3June 2012

posted 31 May 2012, 05:04 by C S Paul   [ updated 1 Jun 2012, 04:17 ]

3June 2012

Something for Stevie

Author Unknown

 "Something For Stevie"

I try not to be biased, but I had my doubts about hiring Stevie. His placement counselor assured me that he would be a good, reliable busboy. But I had never had a mentally handicapped employee and wasn't sure I wanted one. I wasn't sure how my customers would react to Stevie.

He was short, a little dumpy with the smooth facial features and thick-tongued speech of Down syndrome. I wasn't worried about most of my trucker customers because truckers don't generally care who buses tables as long as the meatloaf platter is good and the pies are homemade.

The four-wheeler drivers were the ones who concerned me; the mouthy college kids traveling to school; the yuppie snobs who secretly polish their silverware with their napkins for fear of catching some dreaded "truckstop germ;" the pairs of white shirted business men on expense accounts who think every truckstop waitress wants to be flirted with.

I knew those people would be uncomfortable around Stevie so I closely watched him for the first few weeks. I shouldn't have worried. After the first week, Stevie had my staff wrapped around his stubby little finger, and within a month my truck regulars had adopted him as their official truckstop mascot. After that, I really didn't care what the rest of the customers thought of him. He was like a 21-year-old in blue jeans and Nikes, eager to laugh and eager to please, but fierce in his attention to his duties. 

Every salt and pepper shaker was exactly in its place, not a bread crumb or coffee spill was visible when Stevie got done with the table. Our only problem was convincing him to wait to clean a table until after the customers were finished. 

He would hover in the background, shifting his weight from one foot to the other, scanning the dining room until a table was empty. Then he would scurry to the empty table and carefully bus the dishes and glasses onto cart and meticulously wipe the table up with a practiced flourish of his rag. If he thought a customer was watching, his brow would pucker with added concentration. He took pride in doing his job exactly right, and you had to love how hard he tried to please each and every person he met.

Over time, we learned that he lived with his mother, a widow who was disabled after repeated surgeries for cancer. They lived on their Social Security benefits in public housing two miles from the truckstop. Their social worker, which stopped to check on him every so often, admitted they had fallen between the cracks. Money was tight, and what I paid him was the probably the difference between them being able to live together and Stevie being sent to a group home.

That's why the restaurant was a gloomy place that morning last August, the first morning in three years that Stevie missed work. He was at the Mayo Clinic in Rochester getting a new valve or something put in his heart. His social worker said that people with Down syndrome often had heart problems at a early age so this wasn't unexpected, and there was a good chance he would come through the surgery in good shape and be back at work in a few months.

A ripple of excitement ran through the staff later that morning when word came that he was out of surgery, in recovery and doing fine. Frannie, my head waitress, let out a war hoop and did a little dance in the aisle when she heard the good news. Belle Ringer, one of our regular trucker customers, stared at the sight of the 50-year-old grandmother of four doing a victory shimmy beside his table. Frannie blushed, smoothed her apron and shot Belle Ringer a withering look.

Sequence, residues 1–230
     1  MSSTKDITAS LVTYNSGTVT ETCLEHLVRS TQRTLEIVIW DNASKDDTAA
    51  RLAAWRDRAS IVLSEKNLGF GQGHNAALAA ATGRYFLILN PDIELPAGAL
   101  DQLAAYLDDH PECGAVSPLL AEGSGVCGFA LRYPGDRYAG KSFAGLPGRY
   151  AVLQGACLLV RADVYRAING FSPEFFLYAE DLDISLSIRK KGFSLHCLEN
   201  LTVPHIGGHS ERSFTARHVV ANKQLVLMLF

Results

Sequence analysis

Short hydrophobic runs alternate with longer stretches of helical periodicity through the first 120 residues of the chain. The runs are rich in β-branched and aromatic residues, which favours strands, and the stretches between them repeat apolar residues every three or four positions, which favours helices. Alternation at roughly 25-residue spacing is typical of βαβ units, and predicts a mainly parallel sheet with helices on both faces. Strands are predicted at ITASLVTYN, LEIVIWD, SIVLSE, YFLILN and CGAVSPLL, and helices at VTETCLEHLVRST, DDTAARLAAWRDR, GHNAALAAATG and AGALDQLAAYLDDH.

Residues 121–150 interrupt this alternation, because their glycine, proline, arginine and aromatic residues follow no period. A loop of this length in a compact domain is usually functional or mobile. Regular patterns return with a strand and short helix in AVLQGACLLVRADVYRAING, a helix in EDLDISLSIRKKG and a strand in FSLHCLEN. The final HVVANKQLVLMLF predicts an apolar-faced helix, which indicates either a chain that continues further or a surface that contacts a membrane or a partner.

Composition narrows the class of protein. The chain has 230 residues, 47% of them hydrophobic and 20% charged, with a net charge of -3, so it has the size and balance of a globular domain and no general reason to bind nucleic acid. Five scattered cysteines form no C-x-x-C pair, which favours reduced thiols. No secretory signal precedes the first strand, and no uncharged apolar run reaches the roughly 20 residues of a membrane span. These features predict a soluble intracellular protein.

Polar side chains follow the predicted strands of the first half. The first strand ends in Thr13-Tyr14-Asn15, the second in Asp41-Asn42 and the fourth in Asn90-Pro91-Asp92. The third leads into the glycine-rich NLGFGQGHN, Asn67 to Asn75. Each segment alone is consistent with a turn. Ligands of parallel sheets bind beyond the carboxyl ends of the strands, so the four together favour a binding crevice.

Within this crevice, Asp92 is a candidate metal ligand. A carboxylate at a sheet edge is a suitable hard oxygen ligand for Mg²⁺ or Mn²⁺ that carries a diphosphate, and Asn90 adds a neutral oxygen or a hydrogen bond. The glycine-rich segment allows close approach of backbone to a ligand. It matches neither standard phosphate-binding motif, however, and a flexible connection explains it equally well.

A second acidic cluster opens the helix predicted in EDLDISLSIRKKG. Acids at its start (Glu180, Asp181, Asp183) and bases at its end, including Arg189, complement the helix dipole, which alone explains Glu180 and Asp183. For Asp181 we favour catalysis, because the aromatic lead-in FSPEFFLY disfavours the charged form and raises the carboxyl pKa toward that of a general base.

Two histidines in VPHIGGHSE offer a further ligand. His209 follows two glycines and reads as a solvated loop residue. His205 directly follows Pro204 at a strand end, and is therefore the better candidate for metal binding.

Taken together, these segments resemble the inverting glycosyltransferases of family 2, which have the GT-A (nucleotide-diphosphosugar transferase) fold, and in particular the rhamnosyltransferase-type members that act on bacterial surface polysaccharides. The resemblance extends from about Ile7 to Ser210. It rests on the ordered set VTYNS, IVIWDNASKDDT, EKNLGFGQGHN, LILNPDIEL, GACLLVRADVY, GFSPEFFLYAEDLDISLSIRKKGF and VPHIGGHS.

He grinned. "OK, Frannie, what was that all about?" he asked. "We just got word that Stevie is out of surgery and going to be okay." "I was wondering where he was. I had a new joke to tell him. What was the surgery about?" Frannie quickly told Belle Ringer and the other two drivers sitting at his booth about Stevie's surgery, then sighed. "Yeah, I'm glad he is going to be OK," she said, "but I don't know how he and his mom are going to handle all the bills. From what I hear, they're barely getting by as it is." Belle Ringer nodded thoughtfully, and Frannie hurried off to wait on the rest of her tables.

Since I hadn't had time to round up a busboy to replace Stevie and really didn't want to replace him, the girls were busing their own tables that day until we decided what to do. After the morning rush, Frannie walked into my office. She had a couple of paper napkins in her hand a funny look on her face.

"What's up?" I asked. "I didn't get that table where Belle Ringer and his friends were sitting cleared off after they left, and Pony Pete and Tony Tipper were sitting there when I got back to clean it off," she said, "This was folded and tucked under a coffee cup."

She handed the napkin to me, and three $20 fell onto my desk when I opened it. On the outside, in big, bold letters, was printed "Something For Stevie". "Pony Pete asked me what that was all about," she said, "so I told him about Stevie and his mom and everything, and Pete looked at Tony and Tony looked at Pete, and they ended up giving me this." She handed me another paper napkin that had "Something For Stevie" scrawled
on its outside. Two $50 bills were tucked within its folds. Frannie looked at me with wet, shiny eyes, shook her head and said simply "truckers."

That was three months ago. Today is Thanksgiving, the first day Stevie is supposed to be back to work. His placement worker said he's been counting the days until the doctor said he could work, and it didn't matter at all that it was a holiday. He called 10 times in the past week, making sure we knew he was coming, fearful that we had forgotten him or that his job was in jeopardy. I arranged to have his mother bring him to work, met them in the parking lot and invited them both to celebrate his day back.

Stevie was thinner and paler, but couldn't stop grinning as he pushed through the doors and headed for the back room where his apron and busing cart were waiting.

"Hold up there, Stevie, not so fast," I said. I took him and his mother by their arms. "Work can wait for a minute. To celebrate you coming back, breakfast for you and your mother is on me."

I led them toward a large corner booth at the rear of the room. I could feel and hear the rest of the staff following behind as we marched through the dining room. Glancing over my shoulder, I saw booth after booth of grinning truckers empty and join the procession.

We stopped in front of the big table. Its surface was covered with coffee cups, saucers and dinner plates, all sitting slightly crooked on dozens of folded paper napkins.

"First thing you have to do, Stevie, is clean up this mess," I said. I tried to sound stern.